SNOWPACK: Another disappointing shot of snow fell in the terrain and failed to cover the icy surface that dominates the terrain following two June-uary thaws. The Alpine Garden and Bigelow Lawn which make up the typical fetch for our terrain have lost a lot of snow. Boulders fields and bushes have a way of holding onto the small snowfall events which can sometimes produce thick wind slabs in our terrain. Anticipate continued icy travel conditions with some drifted snow thrown in to make for engaging hiking and approaches to climbs. Microspikes, crampons and ice axes are all useful now given the firm and icy snowpack.

Please Remember:
• Safe travel in avalanche terrain requires training and experience. This bulletin is just one tool to help you make your own decisions in avalanche terrain. You control your own risk by choosing where, when, and how you travel.
• Anticipate a changing avalanche danger when actual weather differs from the higher summits forecast. For more information contact the Forest Service Snow Rangers, the AMC at the Pinkham Notch Visitor Center, or the caretakers at Hermit Lake Shelters or Harvard Cabin.
• Posted 8:15 a.m., Wednesday, January 24, 2018. A new advisory will be issued tomorrow.

Frank Carus, Snow Ranger
USDA Forest Service
White Mountain National Forest
(603) 466-2713 TTY (603) 466-2856

2018-1-24

 

Avalanche Advisory for Tuesday, January 23, 2018

Huntington Ravine has LOW avalanche danger. Watch for unstable snow on isolated terrain features.

 Tuckerman Ravine has MODERATE and LOW avalanche danger. The Lip has Moderate avalanche danger. Evaluate snow and terrain carefully to identify features of concern. All other forecast areas have Low avalanche danger. Watch for unstable snow on isolated terrain features.  The Little Headwall is mostly open water or frozen waterfall ice and is not rated.

Due to the open waterfall hole and a 20’ high avalanche crown line, the Tuckerman Ravine Trail is closed in the Ravine between Lunch Rocks and the Alpine Garden Trail. Please use the Winter Lion Head Route if going to the summit from Pinkham Notch. Other routes to the summit from the east side are more significant mountaineering challenges.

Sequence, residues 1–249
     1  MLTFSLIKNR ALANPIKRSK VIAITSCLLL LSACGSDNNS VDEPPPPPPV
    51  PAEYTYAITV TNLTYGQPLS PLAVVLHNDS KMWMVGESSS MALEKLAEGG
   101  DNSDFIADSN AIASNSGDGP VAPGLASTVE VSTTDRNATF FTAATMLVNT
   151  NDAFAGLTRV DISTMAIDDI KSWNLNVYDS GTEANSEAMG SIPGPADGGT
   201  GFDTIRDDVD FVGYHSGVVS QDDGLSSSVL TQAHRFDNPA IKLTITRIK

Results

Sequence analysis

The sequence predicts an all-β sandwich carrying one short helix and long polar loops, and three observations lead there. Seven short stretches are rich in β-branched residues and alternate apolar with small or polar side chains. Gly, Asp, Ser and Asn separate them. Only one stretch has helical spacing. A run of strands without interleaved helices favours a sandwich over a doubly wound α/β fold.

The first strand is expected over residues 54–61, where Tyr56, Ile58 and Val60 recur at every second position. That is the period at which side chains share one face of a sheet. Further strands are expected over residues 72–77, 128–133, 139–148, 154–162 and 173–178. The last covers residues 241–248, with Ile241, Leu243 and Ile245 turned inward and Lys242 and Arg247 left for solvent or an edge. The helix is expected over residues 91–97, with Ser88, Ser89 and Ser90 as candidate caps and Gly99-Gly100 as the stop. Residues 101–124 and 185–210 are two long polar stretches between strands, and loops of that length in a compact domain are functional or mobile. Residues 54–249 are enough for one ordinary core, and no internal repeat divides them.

AVALANCHE PROBLEM: The relatively small wind slabs built since late last week will become wet slabs as significant rainfall occurs today. Remember that triggering a small avalanche in consequential terrain can still have dire consequences. That said, natural and human triggered avalanches are unlikely today. The exception to these small slabs is “hang fire” in the area of the large avalanche crown in the Lip. Your primary concern in this location should be moisture and warm temperatures today that will decrease stability in the unsupported snow above the crown, which is currently a vertical wall of snow up to 20’ in height. Cautious travelers will avoid terrain under the Lip today for the high consequence of a large though unlikely avalanche from above this crown line.

 WEATHER: Up to 1” of new snow fell in our terrain overnight before warmer temperatures brought a change to wetter precipitation early this morning. It’s already above freezing at both Hermit Lake and the Summit. Summit temperature is forecast to hit the mid-30’s F today and not drop below freezing until after dark. By tonight rainfall will likely total approximately 1”. Moderate SW wind will shift W and increase late tonight as precipitation shifts back to snow. 2-4” of new snow is expected late tonight and early tomorrow morning and will taper off with decreasing cloud cover forecast for tomorrow as temperatures remain below freezing.

SNOWPACK: Small snowfall totals and the scouring and drifting effect of wind over the past week has left us with isolated pockets of wind slab over an exposed or thinly veiled crust. This crust formed over a week ago and is thick and very firm. The slide for life nature of a fall on this firm surface will decrease through the day as rain and above freezing temperatures soften surface snow, though a long sliding fall will likely remain possible. The unique hazard of concern today is an unlikely though potentially large avalanche from unsupported snow above the crown line of the massive wet snow avalanche out of the Lip that occurred last week. Rain and above freezing temperatures will weaken the previously frozen snow and a large avalanche could occur in this location. Spending time in the fall line of the Lip is not advisable for this reason.

Please Remember:
• Safe travel in avalanche terrain requires training and experience. This bulletin is just one tool to help you make your own decisions in avalanche terrain. You control your own risk by choosing where, when, and how you travel.
• Anticipate a changing avalanche danger when actual weather differs from the higher summits forecast. For more information contact the Forest Service Snow Rangers, the AMC at the Pinkham Notch Visitor Center, or the caretakers at Hermit Lake Shelters or Harvard Cabin.
• Posted 8:15 a.m., Tuesday, January 23, 2018. A new advisory will be issued tomorrow.

Ryan Matz, Snow Ranger
USDA Forest Service
White Mountain National Forest
(603) 466-2713 TTY (603) 466-2856

2018-1-23